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Your Small Business & Commercial Liability Insurance


When you started your small business, you probably envisioned that first sale, your first compliment from a satisfied customer, the first time you proudly introduce yourself as your own boss. But you probably didn’t imagine anything bad happening. Like that time everyone got a little too excited about karaoke at the company Christmas party resulting in a few stitches and a busted water cooler. Or the time your favorite customer was dive-bombed by angry mocking birds as she walked into your shop last Spring. Or the moment next year when your marketing intern will accidentally violate another company’s copyright in a blast email sent to thousands of your customers.

Okay, so odds are these crazy things won’t happen to you or your small business. But in the rare event that something unexpected happens, your Commercial Liability Insurance Form will protect you.

The folks over at Nationwide Insurance explain it in simple terms: If damages are filed against you or you’re sued, general liability insurance covers the insurance company’s investigation and attorney expenses, any judgment or settlement, medical expenses in case of injury and bonds if they must be subsequently posted. Claims can also arise from bodily injury or property damages resulting from accidents on your premises or from your products, your operations or advertising for your business (like the crazy Christmas party or kamikaze birds). Liability insurance can also cover things like advertising injury (marketing violates someone’s copyright) and even offers some protection against alcohol-related accidents (as long as your business is not in an alcohol-related industry, such as a distillery or pub).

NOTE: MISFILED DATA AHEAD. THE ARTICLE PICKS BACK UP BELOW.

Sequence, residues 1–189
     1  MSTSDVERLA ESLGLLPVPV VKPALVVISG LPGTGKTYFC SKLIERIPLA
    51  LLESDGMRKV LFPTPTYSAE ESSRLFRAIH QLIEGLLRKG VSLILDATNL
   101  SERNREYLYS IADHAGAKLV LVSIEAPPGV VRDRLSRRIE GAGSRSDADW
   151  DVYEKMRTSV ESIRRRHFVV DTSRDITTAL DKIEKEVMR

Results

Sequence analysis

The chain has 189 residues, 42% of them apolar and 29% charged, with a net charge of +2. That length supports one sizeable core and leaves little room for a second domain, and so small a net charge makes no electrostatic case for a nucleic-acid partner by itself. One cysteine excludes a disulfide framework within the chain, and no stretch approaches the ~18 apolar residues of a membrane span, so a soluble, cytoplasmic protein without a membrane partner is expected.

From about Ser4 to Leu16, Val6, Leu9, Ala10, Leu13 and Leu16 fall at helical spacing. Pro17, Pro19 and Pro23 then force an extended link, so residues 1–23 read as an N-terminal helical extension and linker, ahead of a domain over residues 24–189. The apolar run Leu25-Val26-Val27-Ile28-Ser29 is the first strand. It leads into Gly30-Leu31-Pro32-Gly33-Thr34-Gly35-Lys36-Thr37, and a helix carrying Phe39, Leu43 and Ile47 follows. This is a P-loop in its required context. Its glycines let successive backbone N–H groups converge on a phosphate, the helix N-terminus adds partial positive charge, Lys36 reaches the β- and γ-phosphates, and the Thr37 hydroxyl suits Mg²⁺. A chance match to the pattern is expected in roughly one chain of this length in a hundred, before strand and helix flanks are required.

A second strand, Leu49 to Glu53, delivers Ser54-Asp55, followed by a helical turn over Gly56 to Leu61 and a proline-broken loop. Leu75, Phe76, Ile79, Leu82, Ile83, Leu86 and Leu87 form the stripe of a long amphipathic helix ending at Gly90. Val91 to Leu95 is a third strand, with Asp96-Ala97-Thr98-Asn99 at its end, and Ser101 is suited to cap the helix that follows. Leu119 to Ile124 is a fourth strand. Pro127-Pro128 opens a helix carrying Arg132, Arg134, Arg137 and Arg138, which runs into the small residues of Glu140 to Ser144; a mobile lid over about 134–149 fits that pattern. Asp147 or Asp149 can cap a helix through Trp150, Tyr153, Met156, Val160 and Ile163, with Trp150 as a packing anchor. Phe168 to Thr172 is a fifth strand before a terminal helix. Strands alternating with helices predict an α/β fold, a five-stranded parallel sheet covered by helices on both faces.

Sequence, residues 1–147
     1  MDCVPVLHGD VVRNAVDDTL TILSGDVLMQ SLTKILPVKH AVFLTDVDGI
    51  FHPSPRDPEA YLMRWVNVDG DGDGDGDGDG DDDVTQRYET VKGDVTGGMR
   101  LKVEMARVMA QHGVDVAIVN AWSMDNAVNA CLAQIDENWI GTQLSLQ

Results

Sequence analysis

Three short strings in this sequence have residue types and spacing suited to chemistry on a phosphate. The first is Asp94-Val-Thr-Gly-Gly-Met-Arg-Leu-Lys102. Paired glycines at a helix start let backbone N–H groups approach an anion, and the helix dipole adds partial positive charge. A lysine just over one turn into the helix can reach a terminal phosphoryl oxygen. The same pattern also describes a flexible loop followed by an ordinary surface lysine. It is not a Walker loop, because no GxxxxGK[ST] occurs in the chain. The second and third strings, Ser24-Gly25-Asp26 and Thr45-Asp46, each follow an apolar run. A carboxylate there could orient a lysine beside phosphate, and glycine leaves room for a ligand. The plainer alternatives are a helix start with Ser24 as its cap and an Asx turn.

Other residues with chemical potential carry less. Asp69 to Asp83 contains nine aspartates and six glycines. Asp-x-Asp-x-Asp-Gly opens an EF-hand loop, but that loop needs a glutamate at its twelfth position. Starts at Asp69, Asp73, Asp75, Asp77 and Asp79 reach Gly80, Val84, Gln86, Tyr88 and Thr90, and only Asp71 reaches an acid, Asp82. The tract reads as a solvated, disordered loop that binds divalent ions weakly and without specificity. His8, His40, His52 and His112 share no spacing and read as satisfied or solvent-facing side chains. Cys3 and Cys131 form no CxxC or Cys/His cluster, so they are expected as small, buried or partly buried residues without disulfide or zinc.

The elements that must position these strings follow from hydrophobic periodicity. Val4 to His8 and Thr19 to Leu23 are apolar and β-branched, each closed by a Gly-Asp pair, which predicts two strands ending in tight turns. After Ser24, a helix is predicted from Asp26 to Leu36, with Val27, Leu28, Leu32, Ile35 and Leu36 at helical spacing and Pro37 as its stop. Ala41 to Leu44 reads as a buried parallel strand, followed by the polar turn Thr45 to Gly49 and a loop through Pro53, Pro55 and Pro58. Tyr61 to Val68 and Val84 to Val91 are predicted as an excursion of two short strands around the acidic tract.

Commercial Liability Insurance, in general, will not usually cover employee injuries (that’s what workers’ comp is for), auto accidents, punitive damages, intentional acts (like an employee purposefully assaults a customer), or your overall workmanship.

Remember, this is just a layperson’s overview. For a more in-depth explanation of your business’s unique commercial liability policy, talk to your insurance agent and read the fine print carefully. Make sure you understand your legal and financial responsibilities before you sign anything. It’s always best to be prepared for what might happen, rather than do damage control after the fact.

If you’ve investigated all your options, and you are ready to fill out & submit your Commercial Liability Form, click here to get started.

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